10
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As an exercise, I wanted to make an array implementation of Stack, including most of the methods from the native Java Stack.

I'd like to know the following:

  • Does the code follow good programming principles?
  • Is the code readable/understandable?
  • Are there any redundant fields/operations?
  • Is there a way to further improve the code?
  • Should I reduce the capacity of the stack at some point? Testing the native Java Stack, it doesn't seem to do any size reduction, except with trim().

Note: I know Javadoc is missing, but I am only just beginning to read into that.

import java.util.Arrays;
import java.util.EmptyStackException;
import java.util.Random;

@SuppressWarnings("unchecked")
public class ArrayStack<T> {
    private T[] data;
    private int numElements;
    private static final int INITIAL_CAPACITY = 10;

    public ArrayStack() {
        data = (T[]) new Object[INITIAL_CAPACITY];
    }

    private void enlarge() {
        T[] temp = Arrays.copyOf(data, data.length);
        data = (T[]) new Object[data.length * 2];

        for (int i = 0; i < temp.length; i++) {
            data[i] = temp[i];
        }
    }

    public void push(T element) {
        if (numElements == data.length) {
            enlarge();
        }

        data[numElements] = element;
        numElements++;
    }

    public T peek() {
        if (isEmpty()) throw new EmptyStackException();
        return data[numElements - 1];
    }

    public T pop() {
        if (isEmpty()) throw new EmptyStackException();
        T element = data[--numElements];
        data[numElements] = null;
        return element;
    }

    public boolean isEmpty() {
        return (numElements == 0);
    }

    public int capacity() {
        return data.length;
    }

    public int size() {
        return numElements;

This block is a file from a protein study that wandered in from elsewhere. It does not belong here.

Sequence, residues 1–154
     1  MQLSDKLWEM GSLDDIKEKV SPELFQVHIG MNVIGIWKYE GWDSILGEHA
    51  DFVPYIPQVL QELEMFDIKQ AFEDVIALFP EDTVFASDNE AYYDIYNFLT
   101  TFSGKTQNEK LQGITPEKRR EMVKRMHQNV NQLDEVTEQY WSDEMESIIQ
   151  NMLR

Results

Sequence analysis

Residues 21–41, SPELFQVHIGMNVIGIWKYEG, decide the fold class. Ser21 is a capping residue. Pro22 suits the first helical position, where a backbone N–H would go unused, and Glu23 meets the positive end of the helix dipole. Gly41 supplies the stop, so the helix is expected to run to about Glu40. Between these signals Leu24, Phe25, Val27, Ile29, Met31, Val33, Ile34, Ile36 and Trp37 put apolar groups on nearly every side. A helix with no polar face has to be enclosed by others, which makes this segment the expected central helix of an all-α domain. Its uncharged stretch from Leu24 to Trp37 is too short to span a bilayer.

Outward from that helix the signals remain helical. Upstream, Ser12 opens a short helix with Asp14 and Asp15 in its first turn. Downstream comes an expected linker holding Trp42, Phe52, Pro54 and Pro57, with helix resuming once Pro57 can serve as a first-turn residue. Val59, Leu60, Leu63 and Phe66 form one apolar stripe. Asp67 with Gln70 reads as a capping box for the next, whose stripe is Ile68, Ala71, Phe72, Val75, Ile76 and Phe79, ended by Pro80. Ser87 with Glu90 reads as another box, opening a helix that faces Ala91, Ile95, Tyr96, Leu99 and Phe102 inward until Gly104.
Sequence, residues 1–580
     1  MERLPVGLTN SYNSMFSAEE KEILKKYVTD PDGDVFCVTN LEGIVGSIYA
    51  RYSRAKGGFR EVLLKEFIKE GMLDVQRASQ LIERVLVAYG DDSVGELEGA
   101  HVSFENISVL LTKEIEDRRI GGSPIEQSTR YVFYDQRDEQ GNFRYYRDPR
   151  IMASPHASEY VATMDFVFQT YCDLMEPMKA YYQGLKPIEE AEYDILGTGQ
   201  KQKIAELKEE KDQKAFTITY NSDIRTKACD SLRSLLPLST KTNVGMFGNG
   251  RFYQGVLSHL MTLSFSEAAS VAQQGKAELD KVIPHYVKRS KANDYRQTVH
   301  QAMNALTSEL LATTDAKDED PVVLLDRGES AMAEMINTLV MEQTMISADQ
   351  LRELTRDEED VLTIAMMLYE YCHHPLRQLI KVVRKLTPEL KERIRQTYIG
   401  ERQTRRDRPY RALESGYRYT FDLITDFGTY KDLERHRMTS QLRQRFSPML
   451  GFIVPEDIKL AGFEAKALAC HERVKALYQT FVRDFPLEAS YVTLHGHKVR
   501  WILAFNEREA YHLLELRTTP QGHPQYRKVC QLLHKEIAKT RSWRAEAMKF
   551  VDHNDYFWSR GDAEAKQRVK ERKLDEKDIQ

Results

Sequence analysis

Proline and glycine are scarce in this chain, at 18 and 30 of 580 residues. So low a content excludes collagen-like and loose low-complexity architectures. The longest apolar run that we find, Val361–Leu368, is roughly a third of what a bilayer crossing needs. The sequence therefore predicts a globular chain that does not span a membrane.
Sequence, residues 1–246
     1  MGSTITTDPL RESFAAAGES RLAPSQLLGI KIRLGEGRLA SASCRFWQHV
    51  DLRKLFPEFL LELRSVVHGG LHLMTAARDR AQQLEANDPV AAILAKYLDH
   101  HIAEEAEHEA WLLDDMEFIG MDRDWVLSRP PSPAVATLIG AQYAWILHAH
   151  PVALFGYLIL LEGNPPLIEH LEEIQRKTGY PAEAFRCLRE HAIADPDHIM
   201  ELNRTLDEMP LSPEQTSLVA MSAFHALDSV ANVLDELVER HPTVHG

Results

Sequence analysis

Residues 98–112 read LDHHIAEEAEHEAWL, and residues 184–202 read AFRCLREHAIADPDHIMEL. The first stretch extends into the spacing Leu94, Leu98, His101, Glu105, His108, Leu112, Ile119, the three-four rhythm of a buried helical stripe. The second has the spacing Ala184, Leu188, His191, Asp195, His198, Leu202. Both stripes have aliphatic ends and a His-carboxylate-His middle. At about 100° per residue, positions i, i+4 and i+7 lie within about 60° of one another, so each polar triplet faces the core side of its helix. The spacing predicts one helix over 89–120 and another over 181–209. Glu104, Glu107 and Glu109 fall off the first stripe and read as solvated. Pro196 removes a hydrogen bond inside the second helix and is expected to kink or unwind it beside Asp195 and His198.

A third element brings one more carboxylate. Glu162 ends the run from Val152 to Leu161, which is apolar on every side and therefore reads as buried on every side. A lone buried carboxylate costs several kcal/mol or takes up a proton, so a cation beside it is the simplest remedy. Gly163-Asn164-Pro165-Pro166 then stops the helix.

}

    public void clear() {
        for (int i = 0; i < numElements; i++) {
            data[i] = null;
        }

        numElements = 0;
    }
}
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11
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Suppressing warnings

It's hard to defend suppressing warnings at the class level. The problematic lines in your code are these:

    data = (T[]) new Object[INITIAL_CAPACITY];

Which appears in two places. I suggest to move the array allocation to one place, and suppress the warning only for that line, like this:

public ArrayStack() {
    data = newArray(INITIAL_CAPACITY);
}

private final T[] newArray(int capacity) {
    @SuppressWarnings("unchecked")
    T[] tmp = (T[]) new Object[capacity];
    return tmp;
}

private void enlarge() {
    T[] temp = Arrays.copyOf(data, data.length);
    data = newArray(data.length * 2);

    System.arraycopy(temp, 0, data, 0, temp.length);
}

This hits two birds with one stone:

  • The ugly array creation is now at once place instead of two
  • Warnings are suppressed for the single problematic line, not for the entire class

In case you were wondering, the local tmp variable is necessary in newArray, otherwise Java doesn't allow suppressing the warning on a return statement or regular assignment. It has to be declaration + assignment.

Another important note here is the private final modifier of newArray. The private modifier is necessary to prevent sub-classes from overriding the behavior and potentially breaking the constructor. The final modifier is necessary to prevent sub-classes from shadowing the method by another method with the same name, causing confusion.

Manual array copy

Instead of this:

for (int i = 0; i < temp.length; i++) {
    data[i] = temp[i];
}

It's better to use System.arraycopy instead:

System.arraycopy(temp, 0, data, 0, temp.length);

(Also seen in the previous section.)

Other minor things

In clear, I'm wondering why you manually null out the elements, rather than simply creating a fresh new array. You could let the garbage collector take care of the stale array.

Random is unused, so remove the import.